Holst, who doesn’t like to travel alone, searched for like-minded people through the “Munich Mountain Girls”, an online community for mountain-loving women. “I was expecting ten or twelve others, within a very short time our Rad-Whatsapp group has grown to 200 members,” she says. Since then she has been involved in the female Munich bike community. “We organize regular group rides for women with some other women and the 3Mills café.” It is particularly important to her that a colorful bicycle community is created in Munich, in which “every age, every body shape and every bike is welcome”. Every level is allowed, there should be no pressure to perform on their trips. “It doesn’t matter how many watts someone pedaled or what speed they rode — or when they started cycling,” she says. As soon as the weather improves again, there will be a women’s ride every Thursday.
Making bicycle technology understandable for laypeople
It started quite early with the love for two-wheelers, says Felix Kuffner. Growing up in the district of Fürstenfeldbruck, the 31-year-old was particularly enthusiastic about BMX bikes in his youth. “I raced and became German champion in 2008,” he says. But then he decided against going into professional sports, continued with school and later studied sociology. Today he runs a YouTube channel called “Felix tests bikes” with around 27,200 subscribers. There he specialized primarily in gravel bikes – bikes that are suitable both for cycling on asphalt and off-road for off-road riding.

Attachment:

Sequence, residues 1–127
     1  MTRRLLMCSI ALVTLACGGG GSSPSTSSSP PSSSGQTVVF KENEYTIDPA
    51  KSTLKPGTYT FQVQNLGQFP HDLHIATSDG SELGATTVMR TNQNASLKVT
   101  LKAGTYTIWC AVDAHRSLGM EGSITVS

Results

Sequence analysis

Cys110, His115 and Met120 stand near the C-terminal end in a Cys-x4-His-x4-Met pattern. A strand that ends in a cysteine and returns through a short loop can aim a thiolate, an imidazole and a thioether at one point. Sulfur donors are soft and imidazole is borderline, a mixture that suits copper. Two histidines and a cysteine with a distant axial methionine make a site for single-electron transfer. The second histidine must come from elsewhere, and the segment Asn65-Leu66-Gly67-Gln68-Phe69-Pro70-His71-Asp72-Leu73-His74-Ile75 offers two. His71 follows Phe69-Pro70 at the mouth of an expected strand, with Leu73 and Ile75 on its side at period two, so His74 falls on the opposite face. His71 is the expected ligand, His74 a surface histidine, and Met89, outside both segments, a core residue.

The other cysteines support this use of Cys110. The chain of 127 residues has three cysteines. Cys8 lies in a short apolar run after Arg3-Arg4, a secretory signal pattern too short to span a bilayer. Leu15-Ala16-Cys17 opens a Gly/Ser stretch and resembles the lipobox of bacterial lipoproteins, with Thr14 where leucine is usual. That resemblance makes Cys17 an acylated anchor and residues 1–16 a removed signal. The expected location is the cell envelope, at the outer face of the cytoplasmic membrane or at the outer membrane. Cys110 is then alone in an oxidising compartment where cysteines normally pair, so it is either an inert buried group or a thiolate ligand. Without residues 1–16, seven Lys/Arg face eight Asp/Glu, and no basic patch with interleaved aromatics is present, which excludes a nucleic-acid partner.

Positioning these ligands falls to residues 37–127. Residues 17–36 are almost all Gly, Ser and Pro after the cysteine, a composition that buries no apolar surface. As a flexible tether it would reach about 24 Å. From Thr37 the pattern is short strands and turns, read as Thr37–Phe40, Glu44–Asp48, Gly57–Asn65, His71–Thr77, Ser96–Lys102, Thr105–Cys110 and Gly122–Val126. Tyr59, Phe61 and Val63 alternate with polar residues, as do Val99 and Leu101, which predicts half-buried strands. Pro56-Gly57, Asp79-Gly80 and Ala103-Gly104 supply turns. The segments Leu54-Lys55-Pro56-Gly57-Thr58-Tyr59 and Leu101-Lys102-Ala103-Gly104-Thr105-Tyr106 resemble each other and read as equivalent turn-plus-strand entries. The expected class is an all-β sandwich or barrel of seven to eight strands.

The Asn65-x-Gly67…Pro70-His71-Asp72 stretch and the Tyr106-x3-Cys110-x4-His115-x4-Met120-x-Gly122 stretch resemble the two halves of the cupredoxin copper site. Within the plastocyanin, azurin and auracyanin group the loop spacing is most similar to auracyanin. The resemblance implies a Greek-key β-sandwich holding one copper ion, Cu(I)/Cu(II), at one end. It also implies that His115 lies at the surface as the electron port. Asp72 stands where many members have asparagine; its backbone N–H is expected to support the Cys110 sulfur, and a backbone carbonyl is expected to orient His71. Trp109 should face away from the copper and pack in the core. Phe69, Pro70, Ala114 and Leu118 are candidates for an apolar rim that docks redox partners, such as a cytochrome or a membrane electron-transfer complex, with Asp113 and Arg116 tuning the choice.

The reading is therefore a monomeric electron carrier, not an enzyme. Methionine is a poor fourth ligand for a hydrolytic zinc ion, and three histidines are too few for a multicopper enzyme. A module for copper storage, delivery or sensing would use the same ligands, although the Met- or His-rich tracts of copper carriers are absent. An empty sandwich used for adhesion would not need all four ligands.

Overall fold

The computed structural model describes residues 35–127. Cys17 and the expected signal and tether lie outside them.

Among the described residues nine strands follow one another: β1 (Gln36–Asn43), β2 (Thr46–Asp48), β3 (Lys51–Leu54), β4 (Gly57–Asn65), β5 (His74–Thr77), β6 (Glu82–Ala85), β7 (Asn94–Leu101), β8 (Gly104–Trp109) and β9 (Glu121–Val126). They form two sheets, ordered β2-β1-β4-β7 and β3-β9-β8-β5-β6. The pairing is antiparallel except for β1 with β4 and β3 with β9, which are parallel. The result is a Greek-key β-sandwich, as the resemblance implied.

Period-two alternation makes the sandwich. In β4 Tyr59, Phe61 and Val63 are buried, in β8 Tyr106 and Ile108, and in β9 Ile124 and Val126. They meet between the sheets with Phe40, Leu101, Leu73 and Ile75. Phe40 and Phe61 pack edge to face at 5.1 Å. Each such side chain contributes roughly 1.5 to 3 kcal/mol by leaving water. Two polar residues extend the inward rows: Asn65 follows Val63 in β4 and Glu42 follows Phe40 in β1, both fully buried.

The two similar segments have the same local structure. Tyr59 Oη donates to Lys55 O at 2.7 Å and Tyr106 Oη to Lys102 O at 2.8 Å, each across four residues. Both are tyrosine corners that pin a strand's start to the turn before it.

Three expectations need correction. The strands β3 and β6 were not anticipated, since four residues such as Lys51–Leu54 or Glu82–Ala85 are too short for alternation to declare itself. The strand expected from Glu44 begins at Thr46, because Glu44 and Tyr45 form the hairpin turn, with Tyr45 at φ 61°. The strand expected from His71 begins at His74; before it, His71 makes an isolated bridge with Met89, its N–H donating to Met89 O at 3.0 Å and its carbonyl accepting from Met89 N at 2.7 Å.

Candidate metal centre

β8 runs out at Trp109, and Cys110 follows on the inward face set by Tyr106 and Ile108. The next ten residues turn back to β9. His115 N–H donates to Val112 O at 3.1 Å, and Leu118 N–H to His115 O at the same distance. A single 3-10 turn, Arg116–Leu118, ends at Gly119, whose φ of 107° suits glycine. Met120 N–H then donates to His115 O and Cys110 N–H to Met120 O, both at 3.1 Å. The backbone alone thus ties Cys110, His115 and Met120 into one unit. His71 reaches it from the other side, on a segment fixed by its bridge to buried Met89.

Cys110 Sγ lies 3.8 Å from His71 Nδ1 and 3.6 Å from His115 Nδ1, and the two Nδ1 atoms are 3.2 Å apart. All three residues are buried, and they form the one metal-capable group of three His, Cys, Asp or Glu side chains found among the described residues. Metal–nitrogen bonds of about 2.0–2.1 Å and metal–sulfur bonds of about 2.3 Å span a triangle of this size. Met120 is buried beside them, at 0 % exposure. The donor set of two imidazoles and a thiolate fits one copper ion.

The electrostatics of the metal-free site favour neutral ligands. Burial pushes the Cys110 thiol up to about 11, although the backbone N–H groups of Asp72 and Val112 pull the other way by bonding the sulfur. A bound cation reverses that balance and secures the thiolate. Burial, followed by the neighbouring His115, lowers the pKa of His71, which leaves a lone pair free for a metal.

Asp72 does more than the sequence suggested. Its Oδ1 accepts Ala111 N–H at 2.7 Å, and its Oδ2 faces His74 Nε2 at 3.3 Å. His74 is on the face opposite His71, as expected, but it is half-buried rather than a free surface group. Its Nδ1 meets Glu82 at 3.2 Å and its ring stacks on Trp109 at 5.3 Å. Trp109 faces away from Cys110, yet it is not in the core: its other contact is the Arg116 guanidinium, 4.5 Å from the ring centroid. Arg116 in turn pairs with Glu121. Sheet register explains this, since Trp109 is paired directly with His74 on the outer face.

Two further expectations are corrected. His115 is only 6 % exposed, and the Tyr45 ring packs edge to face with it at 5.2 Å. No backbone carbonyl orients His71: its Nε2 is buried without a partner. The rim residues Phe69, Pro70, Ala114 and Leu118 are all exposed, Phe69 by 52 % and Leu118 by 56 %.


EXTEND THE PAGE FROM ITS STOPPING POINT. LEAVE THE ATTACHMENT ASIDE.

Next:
In seven to twenty-minute videos called “Shoot under palm trees”, “Gravel bikes under 2000 euros” or “Avoid these 7 mistakes”, Kuffner explains to his users (mostly male) the technical features of the models of different bicycle brands. “I noticed early on that the bike industry was having trouble growing with the new media,” says the Youtuber, who used to work in the marketing department of an e-bike manufacturer. With his channel, he wants to bring gravel bikes closer to beginners. “How many chainrings do I need in the front, what kind of steering angle do I need – all quite humorless topics that I explain in an understandable and approachable way,” he says. As a rule, he gets bicycles or equipment from the manufacturers, the videos are paid for. However, Kuffner makes his main income through partner links, where every bicycle sold is linked to a brokerage commission. “I make that clear in the videos. I think that’s transparent and fair,” he says.
In addition to his own video tours, Kuffner organizes gravel bike trips. He prefers to be out and about in the south of Munich. “Before, as a BMX rider, cycling was always associated with a drive to some trail. Today I’m happy when I can simply cycle the area and discover new paths.”